Youth in Agriculture

Africa prides herself as having one of the highest concentration of young people. By 2030, it is projected that the number of youth in Africa would have increased by 42%, up from 226 million youth aged 15-24 recorded in 2015. According to UN projections, Africa is expected to be home to more youth than any region of the world, surpassing Asia, by 2080.

If young people are a gift to both their communities and the world, as Wangari Maathai suggested when she received the Nobel peace prize, then Africa is a continent rich in gifts. Unfortunately, these gifts remain untapped.

3 in 5 of the total unemployed on the Continent are youth. Consequently, on average 72% of the youth population live on less than $2 a day. To escape poverty, many young people look for better opportunities by migrating away from rural to urban areas. Obviously, this increased youth migration has a wide impact on the socio-economic status of the continent. Apart from the strain on public goods, the formal sectors where most graduates seek employment cannot absorb the large number of graduates, estimated to be between 10 to 12 million young people per year (AGRA 2015) in Nigeria alone.

Agriculture presents a unique opportunity for African youth, not only because it is the largest contributor to GDP in most African countries, but also because it continues to experience significant growth. However, youth remain uninterested in agriculture. This trend is further highlighted by the ageing farming population in Africa. Available data from Nigeria reveals that the current average age of a farmer is between 55 and 60 years.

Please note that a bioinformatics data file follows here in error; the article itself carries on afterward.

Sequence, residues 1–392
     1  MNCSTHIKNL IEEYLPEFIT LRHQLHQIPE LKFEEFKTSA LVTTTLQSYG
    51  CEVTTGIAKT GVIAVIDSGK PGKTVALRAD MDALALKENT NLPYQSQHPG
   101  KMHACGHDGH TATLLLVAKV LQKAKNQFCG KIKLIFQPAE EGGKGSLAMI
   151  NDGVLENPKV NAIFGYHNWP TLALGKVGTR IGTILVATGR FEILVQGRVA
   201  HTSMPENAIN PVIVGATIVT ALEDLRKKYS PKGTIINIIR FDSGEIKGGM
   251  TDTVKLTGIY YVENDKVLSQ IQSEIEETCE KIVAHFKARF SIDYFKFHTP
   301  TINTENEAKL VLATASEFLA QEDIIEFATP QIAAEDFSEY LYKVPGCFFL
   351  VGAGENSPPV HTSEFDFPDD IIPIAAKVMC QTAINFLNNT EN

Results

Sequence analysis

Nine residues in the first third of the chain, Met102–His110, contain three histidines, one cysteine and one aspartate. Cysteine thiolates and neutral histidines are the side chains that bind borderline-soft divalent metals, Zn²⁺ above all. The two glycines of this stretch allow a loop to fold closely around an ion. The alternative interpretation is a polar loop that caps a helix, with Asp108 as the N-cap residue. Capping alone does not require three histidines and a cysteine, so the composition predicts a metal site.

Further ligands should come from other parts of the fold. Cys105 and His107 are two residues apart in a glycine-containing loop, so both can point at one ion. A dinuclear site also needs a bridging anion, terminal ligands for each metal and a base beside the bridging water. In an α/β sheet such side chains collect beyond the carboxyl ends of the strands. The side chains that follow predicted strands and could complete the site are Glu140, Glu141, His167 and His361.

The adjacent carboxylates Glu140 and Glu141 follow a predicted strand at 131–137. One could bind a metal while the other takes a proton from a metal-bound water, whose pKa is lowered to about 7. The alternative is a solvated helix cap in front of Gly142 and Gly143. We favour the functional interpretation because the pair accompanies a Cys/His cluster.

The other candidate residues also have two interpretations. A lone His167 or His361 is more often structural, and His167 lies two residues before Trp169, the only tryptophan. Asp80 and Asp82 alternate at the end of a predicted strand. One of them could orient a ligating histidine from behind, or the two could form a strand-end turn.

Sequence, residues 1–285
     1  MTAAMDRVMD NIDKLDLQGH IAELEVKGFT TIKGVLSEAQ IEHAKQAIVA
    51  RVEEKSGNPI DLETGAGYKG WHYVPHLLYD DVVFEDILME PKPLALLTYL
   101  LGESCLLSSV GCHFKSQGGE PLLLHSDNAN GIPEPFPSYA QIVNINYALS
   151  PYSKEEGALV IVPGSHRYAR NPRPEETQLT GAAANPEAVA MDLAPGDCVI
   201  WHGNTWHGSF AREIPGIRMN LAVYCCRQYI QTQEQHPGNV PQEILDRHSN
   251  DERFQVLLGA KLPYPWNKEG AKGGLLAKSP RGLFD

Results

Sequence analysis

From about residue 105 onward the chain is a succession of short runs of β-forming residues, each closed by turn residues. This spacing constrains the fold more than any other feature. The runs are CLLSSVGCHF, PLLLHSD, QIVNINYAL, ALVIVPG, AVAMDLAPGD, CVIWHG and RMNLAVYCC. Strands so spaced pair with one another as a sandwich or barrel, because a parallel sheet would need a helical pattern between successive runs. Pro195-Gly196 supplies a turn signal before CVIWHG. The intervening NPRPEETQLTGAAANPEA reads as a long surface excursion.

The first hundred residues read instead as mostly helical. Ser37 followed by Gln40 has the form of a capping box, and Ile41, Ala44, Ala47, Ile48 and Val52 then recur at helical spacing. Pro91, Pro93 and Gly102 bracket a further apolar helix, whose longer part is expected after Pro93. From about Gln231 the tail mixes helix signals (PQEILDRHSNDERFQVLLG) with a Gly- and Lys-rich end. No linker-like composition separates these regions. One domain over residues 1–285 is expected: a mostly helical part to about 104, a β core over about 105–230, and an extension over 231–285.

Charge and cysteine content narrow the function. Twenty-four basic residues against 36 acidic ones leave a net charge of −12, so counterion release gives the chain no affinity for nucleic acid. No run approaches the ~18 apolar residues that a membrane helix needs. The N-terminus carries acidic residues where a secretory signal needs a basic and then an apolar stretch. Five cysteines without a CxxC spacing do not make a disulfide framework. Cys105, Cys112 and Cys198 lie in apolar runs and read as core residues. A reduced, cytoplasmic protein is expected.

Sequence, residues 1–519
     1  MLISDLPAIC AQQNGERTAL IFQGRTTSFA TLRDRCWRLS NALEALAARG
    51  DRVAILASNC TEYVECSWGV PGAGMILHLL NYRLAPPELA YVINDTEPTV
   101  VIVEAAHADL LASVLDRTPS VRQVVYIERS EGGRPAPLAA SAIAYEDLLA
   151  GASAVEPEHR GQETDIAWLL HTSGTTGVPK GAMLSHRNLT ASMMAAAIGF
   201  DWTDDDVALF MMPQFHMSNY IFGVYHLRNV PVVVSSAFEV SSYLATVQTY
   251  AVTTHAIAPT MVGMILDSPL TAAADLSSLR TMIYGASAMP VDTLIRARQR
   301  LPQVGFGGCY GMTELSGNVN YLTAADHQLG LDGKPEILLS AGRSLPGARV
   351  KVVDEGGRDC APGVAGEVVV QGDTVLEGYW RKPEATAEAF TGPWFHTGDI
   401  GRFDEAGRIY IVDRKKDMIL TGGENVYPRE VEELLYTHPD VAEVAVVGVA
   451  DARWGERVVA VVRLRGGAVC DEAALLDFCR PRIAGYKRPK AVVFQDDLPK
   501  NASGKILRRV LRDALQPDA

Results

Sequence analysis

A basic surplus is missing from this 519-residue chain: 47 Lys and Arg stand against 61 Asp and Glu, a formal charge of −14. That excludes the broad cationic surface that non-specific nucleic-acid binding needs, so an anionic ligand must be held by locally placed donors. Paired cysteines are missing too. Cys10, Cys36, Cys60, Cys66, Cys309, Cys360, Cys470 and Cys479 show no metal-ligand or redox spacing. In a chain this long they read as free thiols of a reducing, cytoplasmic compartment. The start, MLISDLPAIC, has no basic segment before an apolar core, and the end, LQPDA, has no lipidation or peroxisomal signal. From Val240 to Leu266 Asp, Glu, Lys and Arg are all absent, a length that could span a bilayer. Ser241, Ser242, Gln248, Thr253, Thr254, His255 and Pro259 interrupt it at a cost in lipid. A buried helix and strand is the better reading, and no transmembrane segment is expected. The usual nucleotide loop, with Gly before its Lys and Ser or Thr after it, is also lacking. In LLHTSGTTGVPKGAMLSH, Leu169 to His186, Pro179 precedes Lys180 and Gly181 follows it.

The International Food Policy Research Institute (IFPRI) 2010 report identified some economic, social and environmental factors that influence the steady decline of youth involvement in agricultural production in Nigeria.

These factors are highlighted below:

  • Economic factors including inadequate credit facilities, low farming profit margins, and lack of agricultural insurance, initial capital and production inputs.
  • Social factors including public perception about farming and parental influence to move out of agriculture.
  • Environmental issues including inadequate land, continuous poor harvests, and soil degradation.

Digging deeper into issues surrounding the rural-urban migration, IFPRI further reports that the causes of the steady decline of youth involvement in agriculture is a result of some of the push factors that drive the rural-urban migration which includes: poor physical infrastructure, lack of social amenities, education and skill acquisitions and general dislike for “village life”.

There has been limited investments in intermediate technology, ICT and innovations for agricultural practice in Nigeria. Archaic practices remain the primary methods for land preparation in most agricultural activities in Nigeria. Due to these factors, the Nigerian youth are discouraged from participating in agriculture as a source of employment because of the drudgery and perceived unattractiveness of this approach.

Clearly, the ability to transform the agricultural landscape and make it attractive to African youth will not only energize the sector with new skills and creative talent but will also directly address the high rates of youth unemployment on the Continent – ensuring that Africa can truly maximize one of its greatest gifts – the African youth!

April 4, 2018

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